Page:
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Arkansas State University

Starting Your Research Paper: Choosing Your Topic

Time for the dreaded paper? Learn how to get started!

Step 1 - Brainstorming

Create a list of possible topics.  Don't ever just settle for the first thing you think of.  It's better to spend a few minutes coming up with a good topic that you enjoy.  Also the better thought out your topic, the less frustrating and the less time it will take you to actually do the paper.

Some things to think about:

  • Did your professor give you a list of topics to choose from?

  • What are your personal interests?

  • What have you covered in class?

  • What are the hot issues in current news and magazines?  

  • Who's your audience?

     
Still stumped? Try these resources:

  • Facts on File: Issues & Controversies -- Explores more than 800 hot topics in business, politics, government, education, and popular culture.

  • Opposing Viewpoints -- This database provides a large list of topics as well as pro and con arguments for each one.  (Opposing Viewpoints also has some great guides for writing your research paper).

Step 2 - Review the Assignment

Look over your professor's directions for the assignment: 

  • What type of assignment are you doing? A research paper? PowerPoint presentation?
     
  • How long should the finished product be? 5 pages? 10 pages? more?
     
  • Does your professor want you to use newer material or focus on current issues?
     
  • Does your professor want you to use scholarly material?
      
  • Are you supposed to present viewpoints, whether it be your own or others?

  • How many sources are you supposed to cite?

These are all important things to think about and directly effect your topic.  If the assignment is only for a two page paper, you're not going to want to go greatly in-depth with any topic.  Keep it simple.  However, when you get into larger papers, especially when your professor wants scholarly material used, you can't keep things so simple.  You need to make sure that you pick a topic that can easily fill up the space required.  If you can only find 3 sources on your topic for a ten page paper, you better go back and pick another topic.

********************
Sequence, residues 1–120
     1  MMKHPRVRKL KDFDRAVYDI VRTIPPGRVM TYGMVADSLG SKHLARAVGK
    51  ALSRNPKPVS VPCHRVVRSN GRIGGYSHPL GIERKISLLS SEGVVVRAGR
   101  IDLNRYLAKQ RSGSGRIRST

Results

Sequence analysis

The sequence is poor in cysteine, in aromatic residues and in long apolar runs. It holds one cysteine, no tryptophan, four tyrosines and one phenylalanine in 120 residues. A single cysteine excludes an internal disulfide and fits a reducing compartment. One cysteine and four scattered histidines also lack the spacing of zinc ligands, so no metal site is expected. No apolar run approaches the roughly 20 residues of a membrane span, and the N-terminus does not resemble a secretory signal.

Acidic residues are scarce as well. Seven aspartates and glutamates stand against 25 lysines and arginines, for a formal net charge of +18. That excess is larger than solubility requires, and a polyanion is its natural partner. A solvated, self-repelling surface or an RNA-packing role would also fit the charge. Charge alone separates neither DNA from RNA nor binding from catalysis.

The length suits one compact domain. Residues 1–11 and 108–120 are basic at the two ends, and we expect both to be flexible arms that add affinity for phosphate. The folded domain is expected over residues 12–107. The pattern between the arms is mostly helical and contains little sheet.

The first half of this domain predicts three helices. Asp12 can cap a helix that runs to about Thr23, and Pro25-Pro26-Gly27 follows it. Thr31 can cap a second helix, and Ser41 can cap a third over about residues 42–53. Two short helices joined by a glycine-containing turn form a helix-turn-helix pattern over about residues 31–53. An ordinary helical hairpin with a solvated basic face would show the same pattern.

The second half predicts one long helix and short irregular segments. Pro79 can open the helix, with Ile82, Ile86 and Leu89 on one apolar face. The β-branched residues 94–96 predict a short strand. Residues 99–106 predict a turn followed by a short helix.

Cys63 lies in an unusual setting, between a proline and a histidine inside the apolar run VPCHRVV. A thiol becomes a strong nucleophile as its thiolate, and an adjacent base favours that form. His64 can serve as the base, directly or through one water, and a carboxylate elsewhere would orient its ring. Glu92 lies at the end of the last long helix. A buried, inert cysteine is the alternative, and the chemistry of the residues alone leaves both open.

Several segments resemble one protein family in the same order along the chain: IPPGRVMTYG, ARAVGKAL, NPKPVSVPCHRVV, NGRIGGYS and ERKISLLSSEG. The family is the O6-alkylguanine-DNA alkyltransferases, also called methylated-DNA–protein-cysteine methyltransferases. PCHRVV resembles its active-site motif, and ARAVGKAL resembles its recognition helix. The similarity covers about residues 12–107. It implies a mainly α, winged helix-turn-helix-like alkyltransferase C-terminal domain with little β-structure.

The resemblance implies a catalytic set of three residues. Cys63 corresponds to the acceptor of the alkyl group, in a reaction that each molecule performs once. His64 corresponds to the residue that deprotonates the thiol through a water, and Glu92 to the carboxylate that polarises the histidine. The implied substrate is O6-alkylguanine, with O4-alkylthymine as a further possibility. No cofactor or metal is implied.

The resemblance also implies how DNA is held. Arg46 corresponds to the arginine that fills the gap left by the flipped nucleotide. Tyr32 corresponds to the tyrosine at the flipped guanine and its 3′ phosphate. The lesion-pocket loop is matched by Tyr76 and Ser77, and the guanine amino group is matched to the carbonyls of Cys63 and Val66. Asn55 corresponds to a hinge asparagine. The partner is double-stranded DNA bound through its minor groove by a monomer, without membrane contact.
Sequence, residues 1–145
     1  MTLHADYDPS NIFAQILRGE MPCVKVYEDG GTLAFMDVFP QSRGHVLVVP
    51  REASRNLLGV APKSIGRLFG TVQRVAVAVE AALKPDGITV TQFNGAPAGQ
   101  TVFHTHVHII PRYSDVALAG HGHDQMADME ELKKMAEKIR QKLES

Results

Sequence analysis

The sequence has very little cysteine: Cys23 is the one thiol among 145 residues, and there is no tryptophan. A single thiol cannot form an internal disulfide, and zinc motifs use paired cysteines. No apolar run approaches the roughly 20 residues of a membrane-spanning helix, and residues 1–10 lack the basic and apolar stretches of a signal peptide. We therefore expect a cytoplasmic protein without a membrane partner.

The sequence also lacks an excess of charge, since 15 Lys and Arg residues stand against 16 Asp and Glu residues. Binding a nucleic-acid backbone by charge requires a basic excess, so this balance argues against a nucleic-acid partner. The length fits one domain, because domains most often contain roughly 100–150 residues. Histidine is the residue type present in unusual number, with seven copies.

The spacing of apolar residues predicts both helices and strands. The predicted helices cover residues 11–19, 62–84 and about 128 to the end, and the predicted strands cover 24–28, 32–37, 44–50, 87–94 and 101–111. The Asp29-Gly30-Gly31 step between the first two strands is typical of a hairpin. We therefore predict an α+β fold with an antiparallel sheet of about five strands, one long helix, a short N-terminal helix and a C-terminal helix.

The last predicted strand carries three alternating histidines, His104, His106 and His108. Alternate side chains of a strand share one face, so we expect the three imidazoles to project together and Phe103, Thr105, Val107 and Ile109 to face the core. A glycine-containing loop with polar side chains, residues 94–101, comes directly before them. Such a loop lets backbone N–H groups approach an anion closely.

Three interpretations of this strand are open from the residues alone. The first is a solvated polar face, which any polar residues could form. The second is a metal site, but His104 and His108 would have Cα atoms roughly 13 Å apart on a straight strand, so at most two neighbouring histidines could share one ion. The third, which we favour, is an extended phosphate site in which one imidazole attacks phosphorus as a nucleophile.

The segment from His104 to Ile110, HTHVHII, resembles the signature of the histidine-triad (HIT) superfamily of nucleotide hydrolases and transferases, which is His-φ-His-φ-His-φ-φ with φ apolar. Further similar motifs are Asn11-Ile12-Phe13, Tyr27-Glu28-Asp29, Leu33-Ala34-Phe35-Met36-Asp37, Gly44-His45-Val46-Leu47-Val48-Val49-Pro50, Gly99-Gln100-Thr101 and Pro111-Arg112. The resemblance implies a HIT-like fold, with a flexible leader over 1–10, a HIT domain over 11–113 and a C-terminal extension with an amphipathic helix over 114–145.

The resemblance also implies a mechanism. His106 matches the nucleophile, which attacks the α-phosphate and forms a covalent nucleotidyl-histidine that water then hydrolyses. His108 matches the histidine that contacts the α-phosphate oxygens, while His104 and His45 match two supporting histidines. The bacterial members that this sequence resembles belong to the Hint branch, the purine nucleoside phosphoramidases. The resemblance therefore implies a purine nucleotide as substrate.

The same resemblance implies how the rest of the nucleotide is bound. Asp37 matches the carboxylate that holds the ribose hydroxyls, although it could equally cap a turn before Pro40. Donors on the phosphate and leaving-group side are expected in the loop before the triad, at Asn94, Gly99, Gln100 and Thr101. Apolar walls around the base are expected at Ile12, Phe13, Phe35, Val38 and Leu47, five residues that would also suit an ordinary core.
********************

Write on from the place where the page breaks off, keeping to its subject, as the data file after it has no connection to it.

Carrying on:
Step 3 - Learn About Your Topic

Once you pick your topic, spend some time learning about it.  You don't have to spend a huge amount of time, but enough so that you know what's out there and what are the hot issues regarding your topic.  This is really important to do if you pick a topic that you're not very familiar with.  You might find that there is not enough written about your topic and you might need to broaden it.  Or you might find that there's so much written that it's overwhelming.  In that case, you would want to narrow your topic.

Example:

You want to write your paper about nursing.  You look in a general database for the term nursing.  You receive 121,986 full text articles.  Do you really want to read that many articles?  Of course not.  Try narrowing your term.  Is there a particular aspect of nursing you might be interested in? Look at the articles you do have.  Do any of them look interesting?  Does the database give you narrower subjects? 

After learning more about nursing, you might decide that you're really interested in nursing ethics.  This search gives you 784 results.  Better, but still a lot.  How about nursing ethics regarding patients? That search gives you 71 sources -- enough sources that you can find what you need, but not so much that you get overwhelmed.

Step 4 - Define Keywords

It seems logical that you should be able to type your topic into a database or Google and find exactly what you're looking for.  Unfortunately, that's not how things really work.  Try coming up with keywords to make your searching more effective.

  • Only use the important terms of your topic.  (i.e. if your topic is nursing ethics regarding patients, "regarding" is not an important term -- don't include it).
       
  • Are there any alternative spellings? If you are looking in British resources for information regarding "color," you're not going to find any.  You will, however, find information about "colour."
       
  • What are the synonyms for the words you're using?  Some authors write about adolescents, others write about teenagers.

It's a good idea to write down all the possible keywords before you get started.  It will save you a lot of frustration while doing your research.  If one search doesn't retrieve the results you want, simply change up your keywords and see what you get then.  (And remember: when all else fails, go to the library and get help!)